The Rhythm Club, a new musical that tells the story of three young swing musicians in the underground swing clubs of 1938 Hamburg, Germany made its world premiere at the Signature Theatre in Arlington, Virginia in September. The show, with book and lyrics by Chad Beguelin and music by Matthew Sklar, was also slated for a full-scale out-of-town tryout in Chicago. However, it was recently announced that The Rhythm Club will instead go directly from the Signature Theatre to Broadway. I spoke with Eric Schaeffer, director of The Rhythm Club and artistic director of The Signature Theatre, about the show and its development.
Michelle Butler: Since, by your request, I am not reviewing The Rhythm Club for Talkin’ Broadway, I thought you might like to address who was invited to review the show and why?
Eric Schaeffer: Well, because this is a new musical and also because we knew that we were planning on taking it to New York eventually, we really didn’t want to have the pressure of the outside world on us. So we opened it up to the local press only. As we do with all our shows [at the Signature Theatre], the local press comes in and they can review the show. But [we] also kept the outside press away so that it was just a matter of us being able to work on the show and not feel that pressure. That was why that decision was made, and I’m the one who made that decision – it wasn’t the producers or anyone else. I just thought that would be best for the show and for the authors at this point.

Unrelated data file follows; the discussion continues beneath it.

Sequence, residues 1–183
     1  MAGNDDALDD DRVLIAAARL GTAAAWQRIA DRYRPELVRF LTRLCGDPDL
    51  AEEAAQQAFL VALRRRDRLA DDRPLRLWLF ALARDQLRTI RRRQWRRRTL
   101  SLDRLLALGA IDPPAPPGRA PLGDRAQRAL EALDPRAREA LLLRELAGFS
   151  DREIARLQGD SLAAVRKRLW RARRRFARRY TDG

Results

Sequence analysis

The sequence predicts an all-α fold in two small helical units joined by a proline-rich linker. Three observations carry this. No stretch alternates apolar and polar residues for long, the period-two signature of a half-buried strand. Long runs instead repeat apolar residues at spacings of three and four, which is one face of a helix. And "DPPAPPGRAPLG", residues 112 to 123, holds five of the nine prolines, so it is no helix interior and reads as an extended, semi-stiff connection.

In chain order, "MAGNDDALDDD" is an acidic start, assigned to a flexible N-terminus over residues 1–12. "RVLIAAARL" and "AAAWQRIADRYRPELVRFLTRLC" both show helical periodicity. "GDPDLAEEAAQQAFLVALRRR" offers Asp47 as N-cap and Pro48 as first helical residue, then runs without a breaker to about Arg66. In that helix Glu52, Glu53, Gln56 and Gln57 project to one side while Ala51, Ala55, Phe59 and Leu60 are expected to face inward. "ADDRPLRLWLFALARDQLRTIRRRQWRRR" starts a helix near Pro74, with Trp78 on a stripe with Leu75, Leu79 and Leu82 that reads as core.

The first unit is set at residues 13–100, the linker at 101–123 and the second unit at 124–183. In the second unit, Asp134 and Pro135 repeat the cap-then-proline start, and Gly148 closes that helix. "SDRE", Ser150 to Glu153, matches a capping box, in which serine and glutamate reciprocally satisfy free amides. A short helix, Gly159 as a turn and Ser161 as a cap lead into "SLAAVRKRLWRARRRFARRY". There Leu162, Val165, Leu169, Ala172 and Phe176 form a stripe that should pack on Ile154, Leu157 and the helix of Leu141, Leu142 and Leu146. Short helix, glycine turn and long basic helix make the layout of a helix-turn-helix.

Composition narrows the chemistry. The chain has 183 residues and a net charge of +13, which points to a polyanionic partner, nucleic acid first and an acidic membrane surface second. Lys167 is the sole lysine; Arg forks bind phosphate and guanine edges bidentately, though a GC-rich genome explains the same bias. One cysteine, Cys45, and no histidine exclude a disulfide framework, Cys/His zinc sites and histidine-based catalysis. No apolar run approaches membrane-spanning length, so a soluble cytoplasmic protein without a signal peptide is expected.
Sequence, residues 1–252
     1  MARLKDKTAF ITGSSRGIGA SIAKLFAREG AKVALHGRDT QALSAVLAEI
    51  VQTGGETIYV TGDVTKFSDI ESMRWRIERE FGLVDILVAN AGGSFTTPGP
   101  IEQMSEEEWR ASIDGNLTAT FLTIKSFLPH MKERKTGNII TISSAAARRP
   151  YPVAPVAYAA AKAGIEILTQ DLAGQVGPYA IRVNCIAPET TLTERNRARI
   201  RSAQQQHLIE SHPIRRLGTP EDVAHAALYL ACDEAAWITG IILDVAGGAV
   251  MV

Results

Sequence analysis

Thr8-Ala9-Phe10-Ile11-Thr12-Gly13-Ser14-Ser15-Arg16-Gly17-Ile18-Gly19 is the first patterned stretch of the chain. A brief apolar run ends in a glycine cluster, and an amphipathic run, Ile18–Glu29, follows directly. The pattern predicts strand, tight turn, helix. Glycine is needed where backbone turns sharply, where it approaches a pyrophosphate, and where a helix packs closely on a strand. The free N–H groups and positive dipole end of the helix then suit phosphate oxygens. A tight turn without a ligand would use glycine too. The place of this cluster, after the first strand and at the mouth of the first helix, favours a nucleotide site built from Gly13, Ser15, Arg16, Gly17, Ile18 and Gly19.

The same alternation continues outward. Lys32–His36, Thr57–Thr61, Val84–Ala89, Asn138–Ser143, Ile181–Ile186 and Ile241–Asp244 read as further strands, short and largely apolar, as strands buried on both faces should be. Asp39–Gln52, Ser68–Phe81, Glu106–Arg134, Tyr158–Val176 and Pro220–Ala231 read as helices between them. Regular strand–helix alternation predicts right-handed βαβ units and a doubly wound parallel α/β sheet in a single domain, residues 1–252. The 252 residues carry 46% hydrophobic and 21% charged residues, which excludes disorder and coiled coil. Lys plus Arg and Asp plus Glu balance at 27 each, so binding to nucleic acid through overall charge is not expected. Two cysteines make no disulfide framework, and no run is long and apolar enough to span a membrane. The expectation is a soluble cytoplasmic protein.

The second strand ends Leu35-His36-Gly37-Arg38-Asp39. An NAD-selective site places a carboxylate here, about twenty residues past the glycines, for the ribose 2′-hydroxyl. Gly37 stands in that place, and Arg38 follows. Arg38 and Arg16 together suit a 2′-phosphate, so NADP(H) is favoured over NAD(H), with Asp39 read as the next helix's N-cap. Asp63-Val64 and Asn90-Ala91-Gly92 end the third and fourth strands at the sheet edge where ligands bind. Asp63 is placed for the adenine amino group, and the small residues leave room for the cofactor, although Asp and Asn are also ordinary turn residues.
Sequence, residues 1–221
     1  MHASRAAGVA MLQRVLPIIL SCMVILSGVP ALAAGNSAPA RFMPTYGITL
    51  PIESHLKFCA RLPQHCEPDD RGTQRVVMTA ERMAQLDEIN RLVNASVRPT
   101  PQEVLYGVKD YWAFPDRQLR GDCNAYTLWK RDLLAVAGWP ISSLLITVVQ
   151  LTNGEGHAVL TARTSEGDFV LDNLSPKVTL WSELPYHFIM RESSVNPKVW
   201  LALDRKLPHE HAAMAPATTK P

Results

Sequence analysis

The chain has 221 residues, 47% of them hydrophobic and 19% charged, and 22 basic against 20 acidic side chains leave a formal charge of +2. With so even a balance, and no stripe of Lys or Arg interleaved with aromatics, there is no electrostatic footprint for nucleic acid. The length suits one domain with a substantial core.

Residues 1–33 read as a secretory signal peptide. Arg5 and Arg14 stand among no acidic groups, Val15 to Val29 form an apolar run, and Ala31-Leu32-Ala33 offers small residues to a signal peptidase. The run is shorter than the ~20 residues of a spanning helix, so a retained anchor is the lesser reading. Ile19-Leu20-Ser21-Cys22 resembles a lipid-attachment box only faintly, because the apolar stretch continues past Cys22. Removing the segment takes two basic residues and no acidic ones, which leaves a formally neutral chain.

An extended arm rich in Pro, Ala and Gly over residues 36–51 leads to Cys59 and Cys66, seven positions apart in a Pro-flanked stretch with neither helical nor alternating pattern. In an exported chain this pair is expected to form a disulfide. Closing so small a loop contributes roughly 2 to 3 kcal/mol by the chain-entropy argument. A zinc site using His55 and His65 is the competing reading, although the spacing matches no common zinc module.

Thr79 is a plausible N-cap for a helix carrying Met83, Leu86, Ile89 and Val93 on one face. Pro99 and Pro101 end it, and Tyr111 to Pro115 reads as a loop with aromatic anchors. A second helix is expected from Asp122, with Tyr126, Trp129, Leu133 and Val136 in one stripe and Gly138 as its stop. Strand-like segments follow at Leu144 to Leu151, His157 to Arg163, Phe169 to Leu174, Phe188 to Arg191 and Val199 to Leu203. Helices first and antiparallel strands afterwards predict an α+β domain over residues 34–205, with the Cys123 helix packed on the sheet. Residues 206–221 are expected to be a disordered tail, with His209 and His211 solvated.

MB: Okay. The Internet, however, makes what is considered local press a fuzzy line . . .